Dr. Lara Thompson (center), a scholar at the University of the District of Columbia (UDC) was honored as an HBCU STEM Innovator at the annual Black Engineer of the Year Awards (BEYA) Conference.
The HBCU STEM Innovation Awards are in their third year, and the ceremony was held on February 7 at the 33rd Annual BEYA Science, Technology, Engineering, and Math (STEM) Conference.
The HBCU STEM Innovator Award is presented to individuals who are recognized by their peers as ‘game-changing innovators’ at Historically Black Colleges and Universities (HBCUs).
Thompson is an associate professor of mechanical engineering and director of the biomedical engineering program at UDC, a historically black public university in Washington, D.C.
“I am excited and honored to receive the STEM Innovator Award,” Thompson said. “After much effort procuring external funding for equipment, and with internal encouragement and support, today I direct the innovative Center for Biomechanical & Rehabilitation Engineering (CBRE) research laboratory focused on balance and gait in particular on aging individuals.”
As a faculty member in the School of Engineering and Applied Sciences at UDC, Thompson is the creator and director for the CBRE Laboratory. This lab utilizes sensor technology and engineering principles to provide clinical diagnostics on individuals whose gait and motion have been impaired due to age, injury, and stroke.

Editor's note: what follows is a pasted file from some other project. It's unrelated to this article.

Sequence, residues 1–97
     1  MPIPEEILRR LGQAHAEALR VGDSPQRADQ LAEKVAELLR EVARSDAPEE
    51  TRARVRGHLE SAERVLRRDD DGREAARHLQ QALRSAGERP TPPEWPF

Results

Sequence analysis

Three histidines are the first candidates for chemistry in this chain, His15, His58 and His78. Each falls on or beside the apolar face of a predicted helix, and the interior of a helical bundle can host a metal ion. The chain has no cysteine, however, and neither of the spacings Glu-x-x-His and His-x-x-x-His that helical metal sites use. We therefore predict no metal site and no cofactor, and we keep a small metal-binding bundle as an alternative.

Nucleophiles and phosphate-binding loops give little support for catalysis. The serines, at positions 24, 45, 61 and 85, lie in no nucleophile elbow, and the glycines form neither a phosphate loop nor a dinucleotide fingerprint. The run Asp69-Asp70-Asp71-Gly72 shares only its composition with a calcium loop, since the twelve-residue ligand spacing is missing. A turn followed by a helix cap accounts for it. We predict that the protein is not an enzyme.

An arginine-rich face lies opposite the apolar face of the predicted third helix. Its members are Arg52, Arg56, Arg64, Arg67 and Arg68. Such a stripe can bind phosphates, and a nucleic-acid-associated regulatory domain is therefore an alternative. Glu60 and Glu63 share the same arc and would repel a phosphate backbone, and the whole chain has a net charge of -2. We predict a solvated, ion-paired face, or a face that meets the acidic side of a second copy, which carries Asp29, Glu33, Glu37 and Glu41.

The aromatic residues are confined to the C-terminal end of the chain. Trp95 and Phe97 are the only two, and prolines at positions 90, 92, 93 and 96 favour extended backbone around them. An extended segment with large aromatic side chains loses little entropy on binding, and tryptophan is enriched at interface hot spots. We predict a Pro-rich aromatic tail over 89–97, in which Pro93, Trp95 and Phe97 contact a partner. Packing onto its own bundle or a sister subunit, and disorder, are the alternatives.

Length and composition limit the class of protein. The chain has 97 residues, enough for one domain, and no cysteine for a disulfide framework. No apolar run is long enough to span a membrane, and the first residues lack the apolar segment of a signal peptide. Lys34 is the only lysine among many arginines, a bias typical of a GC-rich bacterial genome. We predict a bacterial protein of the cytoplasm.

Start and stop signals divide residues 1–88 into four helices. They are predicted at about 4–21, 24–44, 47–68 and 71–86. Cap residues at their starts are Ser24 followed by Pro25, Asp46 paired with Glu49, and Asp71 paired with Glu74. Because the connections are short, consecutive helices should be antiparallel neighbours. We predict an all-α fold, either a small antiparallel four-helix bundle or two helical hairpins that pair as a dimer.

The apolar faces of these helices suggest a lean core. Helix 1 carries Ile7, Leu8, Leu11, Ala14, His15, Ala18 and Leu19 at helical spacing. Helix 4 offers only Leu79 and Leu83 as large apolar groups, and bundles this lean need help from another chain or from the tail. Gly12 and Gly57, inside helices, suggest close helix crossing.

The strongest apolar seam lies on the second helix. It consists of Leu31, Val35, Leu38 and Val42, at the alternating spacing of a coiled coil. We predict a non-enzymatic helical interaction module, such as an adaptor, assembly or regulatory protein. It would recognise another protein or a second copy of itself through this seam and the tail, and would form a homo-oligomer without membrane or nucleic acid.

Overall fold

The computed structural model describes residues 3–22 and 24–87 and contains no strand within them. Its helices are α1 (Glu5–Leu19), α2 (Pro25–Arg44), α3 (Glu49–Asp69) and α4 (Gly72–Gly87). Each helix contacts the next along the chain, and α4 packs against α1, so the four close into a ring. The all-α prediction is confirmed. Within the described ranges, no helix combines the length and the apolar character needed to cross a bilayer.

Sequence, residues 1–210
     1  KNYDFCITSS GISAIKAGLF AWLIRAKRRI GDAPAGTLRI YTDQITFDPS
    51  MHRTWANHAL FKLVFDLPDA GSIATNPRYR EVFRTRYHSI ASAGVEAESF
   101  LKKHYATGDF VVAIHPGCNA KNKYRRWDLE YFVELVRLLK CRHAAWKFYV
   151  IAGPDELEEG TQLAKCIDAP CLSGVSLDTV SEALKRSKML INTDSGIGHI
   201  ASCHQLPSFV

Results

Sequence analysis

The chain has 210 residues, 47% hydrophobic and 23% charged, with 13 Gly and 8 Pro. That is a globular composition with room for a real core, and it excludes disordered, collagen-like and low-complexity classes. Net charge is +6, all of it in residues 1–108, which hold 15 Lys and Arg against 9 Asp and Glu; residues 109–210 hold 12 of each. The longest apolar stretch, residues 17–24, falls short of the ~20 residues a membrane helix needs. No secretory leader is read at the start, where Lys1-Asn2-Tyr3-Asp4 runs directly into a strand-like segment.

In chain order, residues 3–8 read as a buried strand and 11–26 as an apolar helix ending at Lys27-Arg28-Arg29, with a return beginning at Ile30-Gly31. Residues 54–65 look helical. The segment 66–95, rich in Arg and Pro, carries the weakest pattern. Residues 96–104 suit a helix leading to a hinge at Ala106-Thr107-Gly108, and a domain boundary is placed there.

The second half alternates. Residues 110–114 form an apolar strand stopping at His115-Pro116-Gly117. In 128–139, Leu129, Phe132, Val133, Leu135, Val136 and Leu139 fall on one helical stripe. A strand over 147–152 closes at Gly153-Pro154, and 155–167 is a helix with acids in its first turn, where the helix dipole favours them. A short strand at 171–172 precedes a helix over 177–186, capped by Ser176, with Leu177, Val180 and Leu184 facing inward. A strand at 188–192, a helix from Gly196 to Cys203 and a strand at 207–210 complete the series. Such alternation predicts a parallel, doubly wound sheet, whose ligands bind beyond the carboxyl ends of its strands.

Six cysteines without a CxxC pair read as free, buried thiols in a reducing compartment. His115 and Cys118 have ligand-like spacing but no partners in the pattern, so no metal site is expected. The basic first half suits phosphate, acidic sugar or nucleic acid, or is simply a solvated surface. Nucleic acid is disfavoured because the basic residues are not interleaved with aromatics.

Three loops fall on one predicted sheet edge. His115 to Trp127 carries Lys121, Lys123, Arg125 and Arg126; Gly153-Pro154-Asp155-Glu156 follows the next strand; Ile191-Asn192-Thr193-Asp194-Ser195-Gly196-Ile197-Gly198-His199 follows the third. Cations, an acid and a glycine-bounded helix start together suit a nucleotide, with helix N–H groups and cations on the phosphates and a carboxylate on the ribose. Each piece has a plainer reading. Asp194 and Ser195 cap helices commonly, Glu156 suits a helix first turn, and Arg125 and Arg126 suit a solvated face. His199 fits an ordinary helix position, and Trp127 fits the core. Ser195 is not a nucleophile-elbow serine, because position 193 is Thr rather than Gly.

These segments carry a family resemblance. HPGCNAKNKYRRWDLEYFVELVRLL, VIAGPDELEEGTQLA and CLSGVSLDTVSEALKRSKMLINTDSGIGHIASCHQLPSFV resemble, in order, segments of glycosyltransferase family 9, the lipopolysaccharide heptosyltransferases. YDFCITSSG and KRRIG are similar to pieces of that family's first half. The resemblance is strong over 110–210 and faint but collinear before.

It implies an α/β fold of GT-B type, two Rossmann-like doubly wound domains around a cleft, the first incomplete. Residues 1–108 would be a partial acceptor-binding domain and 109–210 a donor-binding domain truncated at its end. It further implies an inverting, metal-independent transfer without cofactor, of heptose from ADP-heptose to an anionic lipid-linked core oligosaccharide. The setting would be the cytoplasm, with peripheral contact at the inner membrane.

“With increases in average life expectancy, from 43 million Americans over sixty-five years old in 2012 to 72 million projected by 2030, the importance of balance training methodologies and assistive technologies towards maintaining overall health, improving balance, as well as preventing falls has significant societal relevance,” she explained.
Thompson has been a lead investigator of several grants from the National Science Foundation including a Research Initiation Award, an Early-Concept Grant for Exploratory Research Award, and a Targeted Infusion Project Award; all aligned with her activity tied to biomedical engineering research, education, and outreach. She is also a co-investigator on two Department of Defense grants. Over the past three years, she has been awarded over $1.85M in federal funding for her ground-breaking research at UDC.
“Dr. Lara Thompson’s research of applying engineering principles for gait impairment, will greatly impact and refine clinical diagnostics in this area, as well as the data collected can be envisioned for incorporation into future algorithms to assist clinicians,” said Dr. Devdas Shetty, dean of the School of Engineering and Applied Sciences and a member of the Council of Historically Black College and University Engineering Deans, who co-host the annual BEYA STEM Conference.
Click here to view her research and biomechanics laboratory in this National Science Foundation video.
Thompson said the new biomedical engineering degree program at UDC came about because of the efforts of 100 HBCUs nationwide.
“The University of the District of Columbia is still only one of few to offer a degree program in Biomedical Engineering complemented by the CBRE lab, a distinctive research space,” she said.
Thompson earned a bachelor’s degree in mechanical engineering from the University of Massachusetts, a master’s in aeronautical and astronautical engineering from Stanford University and a Ph.D. in Biomedical Engineering from the Harvard-MIT Division of Health Science and Technology.